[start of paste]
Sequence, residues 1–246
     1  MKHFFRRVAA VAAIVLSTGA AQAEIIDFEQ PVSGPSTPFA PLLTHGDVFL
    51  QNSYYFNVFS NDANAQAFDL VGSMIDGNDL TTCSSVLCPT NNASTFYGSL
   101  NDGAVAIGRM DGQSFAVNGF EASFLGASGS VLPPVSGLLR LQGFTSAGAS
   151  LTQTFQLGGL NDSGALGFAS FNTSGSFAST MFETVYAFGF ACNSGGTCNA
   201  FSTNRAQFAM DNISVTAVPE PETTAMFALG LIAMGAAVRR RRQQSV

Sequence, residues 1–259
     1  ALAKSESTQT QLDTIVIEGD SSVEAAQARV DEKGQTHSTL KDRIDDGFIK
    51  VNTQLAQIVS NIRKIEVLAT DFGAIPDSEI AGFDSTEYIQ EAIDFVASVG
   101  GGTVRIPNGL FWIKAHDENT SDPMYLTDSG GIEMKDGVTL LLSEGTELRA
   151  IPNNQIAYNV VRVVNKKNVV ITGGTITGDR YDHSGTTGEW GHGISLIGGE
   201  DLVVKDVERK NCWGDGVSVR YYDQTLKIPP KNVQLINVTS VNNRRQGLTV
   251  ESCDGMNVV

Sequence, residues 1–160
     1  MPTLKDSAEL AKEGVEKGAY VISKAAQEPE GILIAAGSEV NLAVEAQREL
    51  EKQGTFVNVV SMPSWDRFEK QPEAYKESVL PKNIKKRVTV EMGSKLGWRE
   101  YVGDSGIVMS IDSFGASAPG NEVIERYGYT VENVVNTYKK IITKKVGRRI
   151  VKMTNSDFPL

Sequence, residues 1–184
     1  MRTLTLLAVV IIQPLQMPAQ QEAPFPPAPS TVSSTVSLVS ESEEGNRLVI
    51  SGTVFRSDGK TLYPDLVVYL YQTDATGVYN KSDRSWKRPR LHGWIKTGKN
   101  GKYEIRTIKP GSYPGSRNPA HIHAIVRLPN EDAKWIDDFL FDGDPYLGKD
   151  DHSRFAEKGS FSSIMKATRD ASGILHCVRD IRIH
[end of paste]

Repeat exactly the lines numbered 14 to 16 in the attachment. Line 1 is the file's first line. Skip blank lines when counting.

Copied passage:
Sequence, residues 1–160
     1  MPTLKDSAEL AKEGVEKGAY VISKAAQEPE GILIAAGSEV NLAVEAQREL
    51  EKQGTFVNVV SMPSWDRFEK QPEAYKESVL PKNIKKRVTV EMGSKLGWRE